Philadelphia Eagles: The NFL needs to rethink it’s archaic overtime rules

(Photo by Ronald Martinez/Getty Images)
(Photo by Ronald Martinez/Getty Images) /

After another Sunday where a team, the Philadelphia Eagles could not respond in overtime, it is time the NFL takes a hard look at how they do overtime.

Sunday afternoon, the Philadelphia Eagles yet suffered another crushing loss, this one at the hands of the Dallas Cowboys. The loss drops the Eagles to 6-7 and all but ends their hopes of returning to the playoffs this season.

There were a lot of things that went wrong for the Eagles, and there are a lot of fingers that could be pointed, especially at the officials. The referees made some pretty egregious calls, but that is a topic for a different day.

On this day, we saw an issue that has been hurting the NFL for a long time, but it seems this is not talked about enough. That issue is how the NFL goes about conducting overtime. This isn’t just an issue that comes up after the Eagles loss, but rather, today was a reminder that the league needs to find a solution to overtime.

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First of all, how is it that a professional sporting event can end in a tie? Who wants to play 60, possibly 70-minutes and walk away with a tie? Baseball doesn’t do it; they’ll play 18, 19, even 20 innings to declare a winner. The NBA and NHL are the same way; someone is going to walk away from those games deemed a winner.

So why is it in the most popular sport in America that the game can end in a tie? There have already been two this season, and countless others in season’s past. We all remember the Eagles-Bengals game in 2008 when Donovan McNabb claimed that he didn’t know games could end in ties.

The first issue the NFL needs to address is how to not have games end in ties. It’s not fair to fans, coaches, or players and the fact of the matter is, teams don’t work all week to tie.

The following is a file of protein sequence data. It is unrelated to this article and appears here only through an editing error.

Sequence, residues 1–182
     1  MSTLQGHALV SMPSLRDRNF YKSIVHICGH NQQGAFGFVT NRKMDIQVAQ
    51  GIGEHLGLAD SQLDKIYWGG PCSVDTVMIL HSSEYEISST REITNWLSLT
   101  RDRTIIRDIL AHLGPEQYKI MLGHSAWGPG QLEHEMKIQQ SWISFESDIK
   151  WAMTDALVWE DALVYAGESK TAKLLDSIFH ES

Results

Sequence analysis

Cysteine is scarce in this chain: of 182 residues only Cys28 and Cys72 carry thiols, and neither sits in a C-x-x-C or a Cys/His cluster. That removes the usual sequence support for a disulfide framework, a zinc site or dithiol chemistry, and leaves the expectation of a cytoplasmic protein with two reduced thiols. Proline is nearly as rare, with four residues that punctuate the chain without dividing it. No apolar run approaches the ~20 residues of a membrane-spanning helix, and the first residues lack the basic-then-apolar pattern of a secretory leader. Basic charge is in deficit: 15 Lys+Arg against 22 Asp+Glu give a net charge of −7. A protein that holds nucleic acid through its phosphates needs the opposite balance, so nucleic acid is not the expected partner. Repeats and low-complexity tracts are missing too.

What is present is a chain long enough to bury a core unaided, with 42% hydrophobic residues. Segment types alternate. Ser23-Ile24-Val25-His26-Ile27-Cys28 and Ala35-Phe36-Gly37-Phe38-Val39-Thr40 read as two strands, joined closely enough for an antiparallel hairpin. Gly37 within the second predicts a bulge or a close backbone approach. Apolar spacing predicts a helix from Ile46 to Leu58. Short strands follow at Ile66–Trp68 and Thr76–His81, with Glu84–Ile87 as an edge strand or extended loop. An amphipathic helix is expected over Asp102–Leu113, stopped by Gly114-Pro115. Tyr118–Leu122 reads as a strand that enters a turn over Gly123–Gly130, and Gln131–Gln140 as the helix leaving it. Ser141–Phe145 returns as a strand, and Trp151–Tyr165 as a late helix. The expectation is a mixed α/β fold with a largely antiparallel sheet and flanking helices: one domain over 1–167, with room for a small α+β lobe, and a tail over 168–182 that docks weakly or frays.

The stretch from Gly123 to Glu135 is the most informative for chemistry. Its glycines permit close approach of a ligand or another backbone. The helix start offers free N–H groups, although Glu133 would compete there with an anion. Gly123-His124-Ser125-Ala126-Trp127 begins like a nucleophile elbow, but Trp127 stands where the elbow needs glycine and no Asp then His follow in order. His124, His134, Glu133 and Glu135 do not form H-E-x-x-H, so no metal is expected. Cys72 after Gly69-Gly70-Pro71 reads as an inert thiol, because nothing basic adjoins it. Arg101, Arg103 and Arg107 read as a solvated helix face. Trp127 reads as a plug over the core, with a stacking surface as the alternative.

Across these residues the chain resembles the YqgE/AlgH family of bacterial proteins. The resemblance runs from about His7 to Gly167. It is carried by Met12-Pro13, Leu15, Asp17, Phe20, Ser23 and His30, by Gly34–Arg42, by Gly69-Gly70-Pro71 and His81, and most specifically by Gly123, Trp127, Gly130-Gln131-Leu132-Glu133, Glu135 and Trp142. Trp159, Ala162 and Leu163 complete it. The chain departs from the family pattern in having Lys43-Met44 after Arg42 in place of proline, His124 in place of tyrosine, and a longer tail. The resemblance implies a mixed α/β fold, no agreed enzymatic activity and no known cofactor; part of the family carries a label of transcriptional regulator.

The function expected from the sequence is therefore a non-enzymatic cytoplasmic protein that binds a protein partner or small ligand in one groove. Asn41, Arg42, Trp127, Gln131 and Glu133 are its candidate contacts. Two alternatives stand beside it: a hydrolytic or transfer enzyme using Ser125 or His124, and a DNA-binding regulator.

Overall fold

The next issue with NFL overtime is that if the team who gets the ball first scores, then the opposing team doesn’t get a chance to respond. The NFL changed the rules a few years back to where if the first team to get the ball kicked a field goal, then the other team would get to respond.

That rule change really didn’t make much of a difference. If the first team with the ball finds the end zone, the game is over. Sure, the defense could get a stop, but the offense should get the opportunity to respond, right?

So basically, the winners of these overtime games could really be decided by a coin-toss. We are trusting a completely random process to determine the outcome of football games. One team could be the superior team, but lose a game because of probability.

The Eagles 2016 overtime loss to Dallas and Sunday’s game come to mind. The Cowboys won the toss, scored, and the game was over. Carson Wentz never even had the opportunity to respond in either of those games. Granted, the defense needs to get a stop, but is it really right not to let the best player on the other team have an impact on the outcome of overtime?

Lastly, overtime is way too short. The NFL made a questionable decision when shortening overtime from 15 to 10-minutes. It only makes sense that since that rule change, the number of ties has only gone up. All the league is doing is taking the excitement and competitiveness out of the game.

So how can the NFL fix these issues? It really isn’t that hard. All they have to do is look to their NCAA counterparts and how they do overtime. College overtime is one of the best and most exciting aspects of the sport. So, why has the NFL neglected this change for so long?

First of all, in college overtime, there are no ties. They play until a winner is crowned. Second, a coin-toss doesn’t have the ability to determine a winner, plus the opposing team actually gets a chance to respond. Lastly, you don’t have to worry about time running out because there is no clock.

Remember the LSU-Texas A&M game from the last week of the college football regular season? The game went seven overtimes and was one of the most exciting games of the season. There was no tie, and that is what the fans want.

How can the NFL go about implementing these rules? Starting from the 25-yard line may be too easy for offenses. So how about keeping the same rules as college but starting each drive from midfield?

Plus, to keep the excitement up, just like in college, after the second overtime teams must go for two after touchdowns. Who wouldn’t want that? The enthusiasm and the ability to fix all those aforementioned problems make this decision a no-brainer.

I understand that the NFL likes to distinguish themselves from college with some slight differences. But college does overtime right, and the NFL needs to take a page from the NCAA playbook.

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Nobody wants ties, and nobody wants the winner of a game to be determined by a coin-toss. So NFL, it is finally time to address this issue. It is time to change overtime. College football does it right, and it is time you do too.